Denmark's Nykredit says needs $2.3 bln more capital under new rules
COPENHAGEN, Sept 27
COPENHAGEN, Sept 27 (Reuters) - Nykredit can raise the extra 12 to 13 billion Danish crowns needed to meet new capital and liquidity requirements but if these are tightened further, Denmark's biggest lender may have to extend less credit, new CEO Michael Rasmussen said.
If business volumes stay unchanged, Nykredit expects total required equity to rise to about 70 billion Danish crowns from 58.6 billion at the end of the second quarter.
"With the knowledge we have today about upcoming regulation, we can see we need 12 to 13 billion Danish crowns ($2.17 to $2.35 billion)," Rasmussen told Reuters.
He took the helm on Sept. 1 at the unlisted financial group that controls 44 percent of the Danish mortgage market with total outstanding mortgage bonds of 2.59 trillion Danish crowns.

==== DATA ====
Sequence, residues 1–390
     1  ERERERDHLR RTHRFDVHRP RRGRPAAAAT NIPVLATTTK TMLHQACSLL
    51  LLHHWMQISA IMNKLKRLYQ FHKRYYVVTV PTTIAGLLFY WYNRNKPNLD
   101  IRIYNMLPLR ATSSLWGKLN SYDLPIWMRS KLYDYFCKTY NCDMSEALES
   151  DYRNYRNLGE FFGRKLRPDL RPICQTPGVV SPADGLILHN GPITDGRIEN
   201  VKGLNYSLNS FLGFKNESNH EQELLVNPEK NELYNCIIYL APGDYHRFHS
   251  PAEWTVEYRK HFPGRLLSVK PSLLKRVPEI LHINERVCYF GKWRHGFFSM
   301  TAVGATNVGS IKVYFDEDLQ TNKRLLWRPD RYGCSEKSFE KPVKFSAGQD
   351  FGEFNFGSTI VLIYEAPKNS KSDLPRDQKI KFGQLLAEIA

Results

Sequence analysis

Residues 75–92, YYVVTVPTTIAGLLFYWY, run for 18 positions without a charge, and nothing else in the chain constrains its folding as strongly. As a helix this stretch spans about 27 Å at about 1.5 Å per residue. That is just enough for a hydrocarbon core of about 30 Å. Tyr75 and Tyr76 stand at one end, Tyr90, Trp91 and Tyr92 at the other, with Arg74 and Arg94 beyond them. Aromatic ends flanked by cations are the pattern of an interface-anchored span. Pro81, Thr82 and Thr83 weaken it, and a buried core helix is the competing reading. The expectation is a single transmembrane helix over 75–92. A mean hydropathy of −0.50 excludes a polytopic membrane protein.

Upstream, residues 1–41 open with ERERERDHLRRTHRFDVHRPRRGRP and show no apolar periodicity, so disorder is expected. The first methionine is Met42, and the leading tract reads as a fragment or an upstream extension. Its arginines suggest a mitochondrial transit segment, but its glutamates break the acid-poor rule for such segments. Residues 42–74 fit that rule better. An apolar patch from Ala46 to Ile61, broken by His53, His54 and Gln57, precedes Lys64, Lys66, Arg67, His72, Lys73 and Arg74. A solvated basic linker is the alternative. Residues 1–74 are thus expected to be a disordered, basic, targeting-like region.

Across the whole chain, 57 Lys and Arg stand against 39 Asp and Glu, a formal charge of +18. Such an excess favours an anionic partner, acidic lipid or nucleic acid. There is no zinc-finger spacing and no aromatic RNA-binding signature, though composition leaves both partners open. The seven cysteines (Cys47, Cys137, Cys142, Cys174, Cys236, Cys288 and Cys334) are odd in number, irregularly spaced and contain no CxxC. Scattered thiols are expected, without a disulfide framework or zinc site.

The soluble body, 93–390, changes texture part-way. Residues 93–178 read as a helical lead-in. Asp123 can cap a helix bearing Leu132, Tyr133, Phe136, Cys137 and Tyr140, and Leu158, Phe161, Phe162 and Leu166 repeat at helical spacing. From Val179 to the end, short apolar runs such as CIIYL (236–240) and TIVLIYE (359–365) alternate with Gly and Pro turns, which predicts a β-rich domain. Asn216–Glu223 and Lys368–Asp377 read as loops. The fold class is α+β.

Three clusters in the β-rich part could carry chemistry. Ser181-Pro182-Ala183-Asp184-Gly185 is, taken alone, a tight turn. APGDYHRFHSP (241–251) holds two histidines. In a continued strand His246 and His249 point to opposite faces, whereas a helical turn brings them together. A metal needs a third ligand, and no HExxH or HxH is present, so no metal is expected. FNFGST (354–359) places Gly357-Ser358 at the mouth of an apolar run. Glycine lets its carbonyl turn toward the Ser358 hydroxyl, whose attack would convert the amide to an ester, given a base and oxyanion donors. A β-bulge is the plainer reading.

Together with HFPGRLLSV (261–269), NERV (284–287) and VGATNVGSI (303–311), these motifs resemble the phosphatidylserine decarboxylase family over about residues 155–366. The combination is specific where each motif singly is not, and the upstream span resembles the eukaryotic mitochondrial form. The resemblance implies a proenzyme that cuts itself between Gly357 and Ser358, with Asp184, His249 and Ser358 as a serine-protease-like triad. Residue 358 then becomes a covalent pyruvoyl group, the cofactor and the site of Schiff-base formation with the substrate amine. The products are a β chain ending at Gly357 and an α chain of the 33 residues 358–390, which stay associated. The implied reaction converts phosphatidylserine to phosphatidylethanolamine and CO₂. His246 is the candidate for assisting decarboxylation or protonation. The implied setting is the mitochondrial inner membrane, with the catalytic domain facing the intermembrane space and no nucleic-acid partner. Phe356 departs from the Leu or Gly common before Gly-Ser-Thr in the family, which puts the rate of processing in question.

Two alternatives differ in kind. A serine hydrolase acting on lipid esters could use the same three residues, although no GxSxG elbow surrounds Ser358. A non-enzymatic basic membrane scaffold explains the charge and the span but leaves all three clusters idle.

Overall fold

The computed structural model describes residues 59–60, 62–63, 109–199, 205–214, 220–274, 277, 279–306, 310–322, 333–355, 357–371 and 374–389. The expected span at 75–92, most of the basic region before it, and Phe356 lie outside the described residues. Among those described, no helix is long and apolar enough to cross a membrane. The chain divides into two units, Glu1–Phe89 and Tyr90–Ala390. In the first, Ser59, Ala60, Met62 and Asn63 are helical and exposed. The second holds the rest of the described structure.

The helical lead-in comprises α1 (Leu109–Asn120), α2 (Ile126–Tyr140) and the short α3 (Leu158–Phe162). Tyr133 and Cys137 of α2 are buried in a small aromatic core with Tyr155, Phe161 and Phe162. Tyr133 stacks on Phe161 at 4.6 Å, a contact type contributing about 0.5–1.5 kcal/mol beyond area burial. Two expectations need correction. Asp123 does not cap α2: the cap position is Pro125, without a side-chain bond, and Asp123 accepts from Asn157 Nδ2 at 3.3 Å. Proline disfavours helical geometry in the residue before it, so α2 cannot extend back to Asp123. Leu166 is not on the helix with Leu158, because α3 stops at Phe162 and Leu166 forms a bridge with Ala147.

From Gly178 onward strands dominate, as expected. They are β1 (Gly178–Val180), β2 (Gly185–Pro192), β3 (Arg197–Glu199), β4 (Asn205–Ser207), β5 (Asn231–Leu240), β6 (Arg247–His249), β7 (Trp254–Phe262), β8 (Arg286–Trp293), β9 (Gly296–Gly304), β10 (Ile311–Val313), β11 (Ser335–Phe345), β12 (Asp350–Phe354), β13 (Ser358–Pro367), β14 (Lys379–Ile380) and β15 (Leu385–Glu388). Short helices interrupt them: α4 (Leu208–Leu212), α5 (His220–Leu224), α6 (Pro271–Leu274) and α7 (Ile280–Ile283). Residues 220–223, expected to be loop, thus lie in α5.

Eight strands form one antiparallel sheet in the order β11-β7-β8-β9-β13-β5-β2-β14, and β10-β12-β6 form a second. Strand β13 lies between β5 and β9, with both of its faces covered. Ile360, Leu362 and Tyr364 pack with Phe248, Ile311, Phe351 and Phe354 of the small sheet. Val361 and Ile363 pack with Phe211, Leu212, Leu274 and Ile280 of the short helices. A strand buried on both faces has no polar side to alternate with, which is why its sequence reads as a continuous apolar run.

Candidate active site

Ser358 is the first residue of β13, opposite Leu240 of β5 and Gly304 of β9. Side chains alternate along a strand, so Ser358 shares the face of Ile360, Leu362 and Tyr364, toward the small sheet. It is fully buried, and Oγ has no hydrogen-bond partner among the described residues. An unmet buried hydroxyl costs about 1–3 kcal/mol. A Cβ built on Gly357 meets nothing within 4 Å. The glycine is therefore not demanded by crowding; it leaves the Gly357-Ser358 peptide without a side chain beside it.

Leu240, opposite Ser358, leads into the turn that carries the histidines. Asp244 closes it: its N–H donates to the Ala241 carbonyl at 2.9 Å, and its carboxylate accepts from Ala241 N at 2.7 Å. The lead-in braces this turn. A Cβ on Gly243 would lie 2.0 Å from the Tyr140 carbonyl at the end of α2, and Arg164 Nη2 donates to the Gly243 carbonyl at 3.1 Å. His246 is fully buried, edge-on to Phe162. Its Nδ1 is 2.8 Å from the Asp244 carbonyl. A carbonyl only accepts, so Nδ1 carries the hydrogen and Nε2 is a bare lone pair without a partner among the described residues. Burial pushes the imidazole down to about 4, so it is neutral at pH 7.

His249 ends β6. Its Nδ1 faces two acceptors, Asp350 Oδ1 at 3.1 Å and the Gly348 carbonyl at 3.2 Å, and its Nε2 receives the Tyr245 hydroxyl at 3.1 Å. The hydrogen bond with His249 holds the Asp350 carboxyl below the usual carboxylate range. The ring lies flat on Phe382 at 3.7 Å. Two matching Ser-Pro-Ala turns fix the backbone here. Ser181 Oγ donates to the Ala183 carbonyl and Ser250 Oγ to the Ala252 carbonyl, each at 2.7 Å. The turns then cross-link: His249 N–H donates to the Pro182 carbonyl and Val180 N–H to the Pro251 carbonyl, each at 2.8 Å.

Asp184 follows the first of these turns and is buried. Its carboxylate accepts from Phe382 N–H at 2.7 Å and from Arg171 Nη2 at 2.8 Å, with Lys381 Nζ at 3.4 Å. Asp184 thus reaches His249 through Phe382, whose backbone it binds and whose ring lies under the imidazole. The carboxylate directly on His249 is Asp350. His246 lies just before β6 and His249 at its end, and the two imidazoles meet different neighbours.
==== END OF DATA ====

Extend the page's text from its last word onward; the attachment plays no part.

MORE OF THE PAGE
Nykredit has emerged from the latest economic downturn in a healthier shape than Danske Bank, which was hit hard by loan losses in its Irish and Northern Irish business.
Nykredit does not have shareholders, and instead is owned in a mutual partnership by its customers via the Nykredit Association. The special structure means raising capital from the stock market is not an option and that a listing on stock exchange is not a part of the plan.
"With current profit expectations for coming years we expect to achieve our capital requirements, but if they are tightened further we may be forced to shrink the balance sheet," Rasmussen said.
Lower lending from Denmark's biggest financial institution would be bad news for country's economy, he added, as companies and retail customers could put a break on activity.
While mortgage lending is a highly competitive market with low margins, Nykredit has in recent years increased its focus on regular banking activities and is expected to boost this line of business under Rasmussen, a 27-year veteran of Nordea, the Nordic region's top bank.
"We would like to see the bank be a relative bigger part of the group," Rasmussen said, adding that the banking part of the firm is still only the country's fourth largest.
($1 = 5.5326 Danish crowns) (Editing by David Evans)
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